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Learning from Awaran Housing Project

Naila Tasneem

It is often observed in face of natural disasters that poor people particularly living in underdeveloped regions occupy high risk locations, such as flood plains, river banks, steep slopes etc. They also often lack the financial and material resources needed to safeguard their lives and livelihoods from disasters and the impact on social infrastructure and social networks is also unavoidable. According to World Bank estimates during the 1980-2012 period, estimated total reported losses due to disasters amounted to US$3.8 trillion.

Disasters can undermine years of economic development in blink of an eye and trap people in a perpetual poverty cycle. Furthermore, disaster vulnerability has been on the rise as rapid population growth, unplanned urbanization, environmental degradation and global climate change all contribute to the growing frequency of disasters in developing countries. Risk identification, risk reduction, preparedness, financial protection and resilient reconstruction can be a few possible strategies to minimize damage caused due to natural calamities.

After almost all natural disasters be it floods or earthquakes we see similar response and reactions from the government, disaster management authorities and media in Pakistan. The relief work starts only after the damage has been done on full scale and there is lack of preparedness on part of the government and relevant authorities. The media also only highlights issues pertaining to disaster management in wake of a crisis. We never learn from past mistakes and don’t prepare ourselves for climate change effects which are becoming more and more frequent.

Amidst all of this I learned about an extraordinary effort made by people of Awaran regarding earthquake rehabilitation. I was pleasantly surprised to learn about the Awaran Housing Project which is basically an effort to rebuild the houses through community participation that were destroyed in the Awaran Earthquake not very long ago.

Just to remind those who might have forgotten; the Awaran earthquake in 2013 resulted in death of about 900 people, 1900 got injured; and a total of 200,000 people got affected. Around 27,000 families were rendered homeless. Civil Administration and Army lead the rescue efforts whereas National Disaster Management Authority coordinated relief while NGOs provided temporary shelter in recovery phase. Under the Housing Reconstruction Project (HRA) initiated in 2014; 3,000 houses were constructed in Awaran & Kech. HRA Project offers Money Grants of Rs 220,000 per Family in three installments to build a house per seismic safety guidelines.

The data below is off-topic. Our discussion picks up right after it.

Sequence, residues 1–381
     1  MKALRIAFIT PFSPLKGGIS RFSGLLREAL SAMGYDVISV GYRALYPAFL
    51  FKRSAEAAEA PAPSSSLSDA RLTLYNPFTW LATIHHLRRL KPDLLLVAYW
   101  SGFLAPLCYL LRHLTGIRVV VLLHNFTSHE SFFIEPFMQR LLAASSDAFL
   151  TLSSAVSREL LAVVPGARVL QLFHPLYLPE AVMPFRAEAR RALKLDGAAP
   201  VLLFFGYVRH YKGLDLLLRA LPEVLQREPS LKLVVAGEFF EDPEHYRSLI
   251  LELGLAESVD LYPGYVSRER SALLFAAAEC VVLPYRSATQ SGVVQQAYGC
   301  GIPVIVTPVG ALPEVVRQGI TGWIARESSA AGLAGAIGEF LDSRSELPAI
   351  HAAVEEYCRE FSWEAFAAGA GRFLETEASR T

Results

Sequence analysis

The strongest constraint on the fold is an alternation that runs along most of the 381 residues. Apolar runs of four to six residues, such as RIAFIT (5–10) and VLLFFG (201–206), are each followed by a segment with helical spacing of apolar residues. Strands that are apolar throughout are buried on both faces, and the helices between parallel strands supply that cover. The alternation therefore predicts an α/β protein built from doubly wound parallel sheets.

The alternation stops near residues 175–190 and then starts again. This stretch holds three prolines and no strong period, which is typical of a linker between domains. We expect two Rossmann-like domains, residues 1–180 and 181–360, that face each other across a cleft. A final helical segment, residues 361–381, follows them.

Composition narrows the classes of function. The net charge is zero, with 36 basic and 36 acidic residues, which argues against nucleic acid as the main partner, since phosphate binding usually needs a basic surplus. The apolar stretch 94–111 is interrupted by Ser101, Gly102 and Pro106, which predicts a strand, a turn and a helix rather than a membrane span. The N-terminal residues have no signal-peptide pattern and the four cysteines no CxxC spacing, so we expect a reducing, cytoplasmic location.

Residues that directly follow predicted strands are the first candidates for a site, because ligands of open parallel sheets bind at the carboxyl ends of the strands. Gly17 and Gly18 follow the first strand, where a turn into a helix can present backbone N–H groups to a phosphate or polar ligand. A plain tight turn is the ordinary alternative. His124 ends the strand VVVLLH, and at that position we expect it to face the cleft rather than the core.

HRA is the first ever initiative of post-disaster mass construction in Balochistan. It aims at owner driven reconstruction of 16000 houses destroyed by the 2013 earthquake. The affected area had also been afflicted with anti-state insurgency for almost a decade. HRA Project aims to promote inclusive development due to its owner driven mechanism. There’s no contractor or commission in the construction procedure. The project mobilized 11,000 self builders in a year and completed 4,000 houses with seismic safety compliance. It is worth noting that Awaran Housing Project has been nominated for the World Habitat Awards 2015, an international award for initiatives in innovative and sustainable housing.

Such innovative and sustainable initiatives provide pragmatic solutions for reconstruction and rehabilitation in a province afflicted by so many crises. It is not only heartening to learn about such initiatives but this also provides strength to the idea of community based local development initiatives.   It is important for Pakistan to improve livelihoods by building capacities for climate change mitigation and adaptation, providing sustainable energy solutions and maintaining the integrity of ecosystems.

As winters are setting in and quake-hit citizens in KPK will be facing dual challenges of rehabilitating themselves against the harshness of cold weather. We must provide moral and material support to our brethren in need. The example of Awaran clearly illustrates that it is possible to rebuild from scratch in difficult terrains with limited resources hence we must not give up hope. Government, civil society, disaster management authority must align their efforts to identify and support the quake hit people and encourage them to participate in relief efforts. Engaging communities and being mindful of seismic safety compliances can go a long way in alleviating the situation.

Author is an Economist based in Lahore. She can be reached at Follow her on twitter @npanthers

Published in The Balochistan Point on November 17, 2015

Disclaimer: Views expressed in this article are those of the author and The Balochistan Point not necessarily agrees with them.

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